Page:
Index

Why Pakistan Went Nuclear
By Ishtiaq Ahmad

After India’s five nuclear explosions of May 11 and 13,1998 Pakistan was left with no choice but to give a
corresponding response to India's nuclear tests. The only choice left with the Pakistani nation was either to give
in to India’s long-cherished hegemonic ambitions in the region or stand up and fight against it. Pakistan has  chosen the right path by conducting as many nuclear test explosions as was done by India, to whom still goes the blame for blowing apart the global arms control and non-proliferation regime.

Hindu nationalists’ threat of aggression

India’s Hindu nationalist leaders, as Prime Minister Nawaz.Sharif said in his nationwide
Speech, had shown by their consistent arrogant behaviour ever since India’s serial nuclear testing that they do
not even deserve to be in possession of nuclear weapons. As soon as Prime Minister Vajpaee declared India a nuclear state, BJP hardline, leaders including the Party President K. Thakre, started issuing aggressive
statements over Kashmir, an issue which is integral to Pakistan’s territorial integrity and independence. In such
circumstances, how could Pakistan restrain itself?

Only when it came to Kashmir

The world community, particularly the Western powers, were constantly asking Pakistan to exercise restraint
and not to conduct tit-for-tat nuclear tests. Pakistan did exercise restraint for over two weeks. But during this
period, despite Pakistan’s repeated calls to the international community that it should impose credible
sanctions against India, the major Western powers did not bother. Not just this, they also failed to warn India
against adopting an adventurist posture on Kashmir. Left on its own to face potential Indian aggression against
Azad Kashmir, Pakistan finally had no option but to go nuclear. Islamabad’s message to the world is that when
it comes to Kashmir, it will fight till the end—come what may.


After a long, unbearable restraint

Throughout the nuclear crisis that gripped South Asia, Pakistan has behaved in a very responsible and
democratic manner. Even though it was caught off guard by India, Pakistan could have gone ahead with nuclear
testing in the initial days or within a week of India’s nuclear tests but Prime Minister Nawaz Sharif acted on the
advices of world leaders, including President Clinton. He kept on assuring and re-assuring them that Pakistan
would go by the will of the world community. At the same time, however, Prime Minister Sharif stayed away from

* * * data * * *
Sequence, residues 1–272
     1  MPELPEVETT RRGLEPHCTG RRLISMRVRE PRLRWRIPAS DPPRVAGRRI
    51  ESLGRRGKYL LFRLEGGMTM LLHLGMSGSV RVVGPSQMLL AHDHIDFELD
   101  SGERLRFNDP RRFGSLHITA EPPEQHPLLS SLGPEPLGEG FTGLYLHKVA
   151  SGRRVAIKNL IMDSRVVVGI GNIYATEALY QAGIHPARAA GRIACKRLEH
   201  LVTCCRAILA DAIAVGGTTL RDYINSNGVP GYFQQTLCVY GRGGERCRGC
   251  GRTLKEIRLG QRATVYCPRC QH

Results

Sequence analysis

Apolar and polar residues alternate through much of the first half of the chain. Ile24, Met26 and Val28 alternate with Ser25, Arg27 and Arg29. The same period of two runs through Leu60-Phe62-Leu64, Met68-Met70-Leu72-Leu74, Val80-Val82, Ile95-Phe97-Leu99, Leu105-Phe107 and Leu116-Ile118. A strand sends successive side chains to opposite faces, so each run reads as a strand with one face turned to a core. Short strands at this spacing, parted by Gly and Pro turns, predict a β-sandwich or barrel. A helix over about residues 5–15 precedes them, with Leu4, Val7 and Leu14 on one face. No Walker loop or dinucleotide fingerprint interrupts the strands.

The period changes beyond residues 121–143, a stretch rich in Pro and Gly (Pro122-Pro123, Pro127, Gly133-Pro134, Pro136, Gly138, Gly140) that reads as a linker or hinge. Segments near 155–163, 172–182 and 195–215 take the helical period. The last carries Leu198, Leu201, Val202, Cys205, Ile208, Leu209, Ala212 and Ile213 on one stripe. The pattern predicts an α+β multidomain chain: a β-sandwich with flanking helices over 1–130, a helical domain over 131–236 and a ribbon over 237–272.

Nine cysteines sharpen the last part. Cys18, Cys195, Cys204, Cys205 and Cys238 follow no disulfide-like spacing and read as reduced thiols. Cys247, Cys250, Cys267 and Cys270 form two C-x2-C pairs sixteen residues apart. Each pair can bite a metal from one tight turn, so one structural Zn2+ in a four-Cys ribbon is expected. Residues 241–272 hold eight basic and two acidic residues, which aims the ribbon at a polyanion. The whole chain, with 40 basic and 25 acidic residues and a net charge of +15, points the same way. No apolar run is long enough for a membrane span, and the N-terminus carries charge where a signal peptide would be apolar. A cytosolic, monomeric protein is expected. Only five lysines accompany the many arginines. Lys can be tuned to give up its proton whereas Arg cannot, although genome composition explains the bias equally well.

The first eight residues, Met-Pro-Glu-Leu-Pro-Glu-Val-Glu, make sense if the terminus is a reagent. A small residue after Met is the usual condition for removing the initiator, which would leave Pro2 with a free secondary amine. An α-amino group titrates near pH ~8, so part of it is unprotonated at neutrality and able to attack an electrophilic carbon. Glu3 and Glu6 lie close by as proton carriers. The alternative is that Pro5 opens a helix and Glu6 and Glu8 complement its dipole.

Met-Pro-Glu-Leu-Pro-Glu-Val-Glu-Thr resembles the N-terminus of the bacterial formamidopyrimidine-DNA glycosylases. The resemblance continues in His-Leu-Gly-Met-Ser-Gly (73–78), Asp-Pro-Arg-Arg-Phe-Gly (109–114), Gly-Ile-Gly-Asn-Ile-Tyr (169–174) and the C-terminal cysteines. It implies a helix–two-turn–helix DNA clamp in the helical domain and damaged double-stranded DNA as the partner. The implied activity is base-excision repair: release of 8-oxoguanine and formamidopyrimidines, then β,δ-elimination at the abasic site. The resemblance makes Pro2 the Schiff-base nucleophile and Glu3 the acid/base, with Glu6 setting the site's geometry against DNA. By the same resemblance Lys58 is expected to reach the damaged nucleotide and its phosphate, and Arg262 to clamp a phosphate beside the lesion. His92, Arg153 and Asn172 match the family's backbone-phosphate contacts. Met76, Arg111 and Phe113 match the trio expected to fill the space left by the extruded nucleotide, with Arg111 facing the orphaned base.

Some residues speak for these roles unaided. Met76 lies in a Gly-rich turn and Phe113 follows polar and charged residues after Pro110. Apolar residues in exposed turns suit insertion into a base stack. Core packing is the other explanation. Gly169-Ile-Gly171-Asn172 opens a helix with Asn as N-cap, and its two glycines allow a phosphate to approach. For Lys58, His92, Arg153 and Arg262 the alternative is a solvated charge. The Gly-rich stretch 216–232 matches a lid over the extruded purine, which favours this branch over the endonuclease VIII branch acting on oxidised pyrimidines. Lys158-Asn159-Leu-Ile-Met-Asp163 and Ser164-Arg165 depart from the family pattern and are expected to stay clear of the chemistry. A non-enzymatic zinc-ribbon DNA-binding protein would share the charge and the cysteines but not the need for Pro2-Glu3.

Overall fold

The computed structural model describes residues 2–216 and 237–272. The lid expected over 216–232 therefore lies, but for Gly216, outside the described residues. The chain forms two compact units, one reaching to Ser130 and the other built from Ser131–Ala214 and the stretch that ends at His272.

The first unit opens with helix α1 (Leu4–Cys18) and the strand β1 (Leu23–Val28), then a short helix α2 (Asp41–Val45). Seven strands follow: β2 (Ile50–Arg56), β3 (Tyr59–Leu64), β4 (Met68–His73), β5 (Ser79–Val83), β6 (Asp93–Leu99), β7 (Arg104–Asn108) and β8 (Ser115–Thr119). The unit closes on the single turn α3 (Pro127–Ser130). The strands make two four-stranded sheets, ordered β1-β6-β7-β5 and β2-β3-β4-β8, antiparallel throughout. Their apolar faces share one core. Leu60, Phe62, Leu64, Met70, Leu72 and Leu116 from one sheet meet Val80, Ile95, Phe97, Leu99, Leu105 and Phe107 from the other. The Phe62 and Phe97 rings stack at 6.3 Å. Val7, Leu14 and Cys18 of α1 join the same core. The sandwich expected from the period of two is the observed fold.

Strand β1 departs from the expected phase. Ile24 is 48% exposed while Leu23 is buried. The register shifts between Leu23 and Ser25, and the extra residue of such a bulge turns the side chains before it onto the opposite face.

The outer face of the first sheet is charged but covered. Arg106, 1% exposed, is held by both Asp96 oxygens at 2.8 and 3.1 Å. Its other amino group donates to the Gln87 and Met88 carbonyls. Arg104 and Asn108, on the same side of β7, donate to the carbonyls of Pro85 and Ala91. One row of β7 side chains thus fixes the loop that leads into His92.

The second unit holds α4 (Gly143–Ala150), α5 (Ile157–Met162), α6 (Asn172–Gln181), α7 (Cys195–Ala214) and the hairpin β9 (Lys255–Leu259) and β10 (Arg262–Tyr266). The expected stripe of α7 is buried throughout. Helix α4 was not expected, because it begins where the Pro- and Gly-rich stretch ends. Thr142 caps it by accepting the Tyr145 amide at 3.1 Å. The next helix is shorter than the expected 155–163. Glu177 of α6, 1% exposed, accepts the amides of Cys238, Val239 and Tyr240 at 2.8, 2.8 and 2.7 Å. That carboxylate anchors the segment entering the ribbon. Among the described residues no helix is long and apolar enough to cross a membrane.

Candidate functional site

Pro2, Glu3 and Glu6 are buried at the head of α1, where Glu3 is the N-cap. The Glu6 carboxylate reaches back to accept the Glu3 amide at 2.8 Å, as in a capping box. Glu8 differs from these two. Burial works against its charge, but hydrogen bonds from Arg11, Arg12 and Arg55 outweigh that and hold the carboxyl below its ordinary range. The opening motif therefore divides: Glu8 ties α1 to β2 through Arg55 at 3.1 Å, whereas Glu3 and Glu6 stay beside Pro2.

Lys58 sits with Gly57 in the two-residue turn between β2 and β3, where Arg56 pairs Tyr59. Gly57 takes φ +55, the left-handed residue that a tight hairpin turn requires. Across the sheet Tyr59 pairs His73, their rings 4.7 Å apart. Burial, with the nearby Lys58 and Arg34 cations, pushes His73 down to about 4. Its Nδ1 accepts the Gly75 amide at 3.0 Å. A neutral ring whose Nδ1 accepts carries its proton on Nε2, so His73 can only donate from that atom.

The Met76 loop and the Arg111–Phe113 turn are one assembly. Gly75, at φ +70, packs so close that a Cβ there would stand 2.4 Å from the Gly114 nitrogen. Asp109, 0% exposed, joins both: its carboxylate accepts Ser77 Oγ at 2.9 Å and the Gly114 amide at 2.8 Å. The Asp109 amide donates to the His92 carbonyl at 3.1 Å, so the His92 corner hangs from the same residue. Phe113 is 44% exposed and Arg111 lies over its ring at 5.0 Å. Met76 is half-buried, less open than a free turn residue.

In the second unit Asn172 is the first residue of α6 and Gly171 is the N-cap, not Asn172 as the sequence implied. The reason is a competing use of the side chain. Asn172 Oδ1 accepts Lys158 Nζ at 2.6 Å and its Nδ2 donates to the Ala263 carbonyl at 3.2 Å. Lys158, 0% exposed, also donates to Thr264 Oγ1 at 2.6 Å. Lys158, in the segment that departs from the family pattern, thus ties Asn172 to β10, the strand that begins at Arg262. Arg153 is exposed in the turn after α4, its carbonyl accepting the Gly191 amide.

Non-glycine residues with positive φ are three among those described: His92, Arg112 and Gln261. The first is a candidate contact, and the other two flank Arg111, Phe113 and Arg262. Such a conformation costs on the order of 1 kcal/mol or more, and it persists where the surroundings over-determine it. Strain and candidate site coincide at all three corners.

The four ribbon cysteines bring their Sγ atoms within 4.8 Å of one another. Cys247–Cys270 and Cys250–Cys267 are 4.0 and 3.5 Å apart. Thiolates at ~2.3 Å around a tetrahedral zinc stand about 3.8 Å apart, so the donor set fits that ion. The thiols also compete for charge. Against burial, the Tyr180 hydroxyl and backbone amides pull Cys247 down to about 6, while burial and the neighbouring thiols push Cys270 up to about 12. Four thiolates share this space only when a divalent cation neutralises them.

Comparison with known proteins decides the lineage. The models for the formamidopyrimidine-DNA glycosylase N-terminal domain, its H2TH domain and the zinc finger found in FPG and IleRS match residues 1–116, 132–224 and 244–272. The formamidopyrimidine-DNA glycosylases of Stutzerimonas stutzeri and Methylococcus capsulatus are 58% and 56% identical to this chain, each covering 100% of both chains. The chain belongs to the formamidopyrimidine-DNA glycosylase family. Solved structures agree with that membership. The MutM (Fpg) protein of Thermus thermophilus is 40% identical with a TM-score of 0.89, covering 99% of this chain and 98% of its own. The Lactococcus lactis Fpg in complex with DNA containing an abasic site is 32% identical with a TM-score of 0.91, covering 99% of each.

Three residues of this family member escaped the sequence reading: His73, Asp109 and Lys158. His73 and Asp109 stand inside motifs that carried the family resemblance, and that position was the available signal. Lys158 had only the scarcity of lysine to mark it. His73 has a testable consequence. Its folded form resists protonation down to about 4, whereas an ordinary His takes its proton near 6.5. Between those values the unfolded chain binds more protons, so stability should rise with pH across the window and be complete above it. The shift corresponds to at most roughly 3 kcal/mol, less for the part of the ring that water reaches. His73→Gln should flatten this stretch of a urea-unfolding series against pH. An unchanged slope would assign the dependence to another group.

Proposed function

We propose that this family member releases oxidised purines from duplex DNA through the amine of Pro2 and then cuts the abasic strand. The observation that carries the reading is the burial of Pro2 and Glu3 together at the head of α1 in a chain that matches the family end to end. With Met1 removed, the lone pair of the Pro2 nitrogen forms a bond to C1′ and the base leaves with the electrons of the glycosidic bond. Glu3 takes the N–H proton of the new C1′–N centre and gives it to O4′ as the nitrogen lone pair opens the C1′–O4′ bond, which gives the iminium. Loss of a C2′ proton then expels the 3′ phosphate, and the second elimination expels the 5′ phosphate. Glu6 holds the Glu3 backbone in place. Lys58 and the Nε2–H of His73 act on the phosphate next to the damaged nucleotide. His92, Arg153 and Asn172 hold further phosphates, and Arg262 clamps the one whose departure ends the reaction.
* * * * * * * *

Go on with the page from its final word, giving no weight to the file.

making any commitment to them about his government’s decision regarding nuclear tests. That was something
he could not, in the face of Hindu nationalists’ growing arrogance over Kashmir, which had suddenly come to
the surface after Indian nuclear weapons declaration.

An act in self-defence, & after democratic debate

Pakistan has acted only in self-defence. Its nuclear act is not reckless, nor is its leadership erratic – as India’s
Hindu fundamentalists BJP leaders were. It is still India which has blown the global nuclear arms control and
non-proliferation regime into pieces, which has destroyed what the committee of nations had achieved after
decades-long efforts – the CTBT, the NPT, the FMCT. Another important thing about Pakistan’s nuclear test is
that it is an outcome of an open public debate as expressed through the country’s print and electronic media. If
some supported the nuclear testing, many opposed it. The Gallup Poll survey also estimated that the majority of
countrymen were in favour of Pakistan giving a response in kind to Indian nuclear testing. Unlike Pakistan,
Indian nuclear tests were conducted in so secret a manner that only five top BJP leaders were aware of it. It
was an act that shocked the world. Pakistan’s act in no way even surprises the world, which has before it
several examples of nuclear India belligerency against Pakistan, especially BJP leaders’ daily offensive
statements over Kashmir.

What great powers should do now

For seventeen long days, the period between India’s nuclear tests and Pakistan’s nuclear response, the
subcontinent faced a real danger of war, which could have started either with a pre-emptive Indian strike
against Pakistan’s nuclear facilities or India’s act of aggression in Azad Kashmir. The possibilities for both
eventualities were widely reported in Pakistani and foreign media. Thanks to Pakistani nuclear tests, that
danger has gone, once and for all. It is, therefore, about time the world community, especially leading world
powers like the United States, realised Pakistan’s genuine security interests in South Asia and helped tackle
the nuclear crisis in the region caused by India in a realistic way. The only way left for the world powers is to help stabilise nuclear deterrence between India and Pakistan, which stands restored since Pakistan’s twin series of nuclear testing.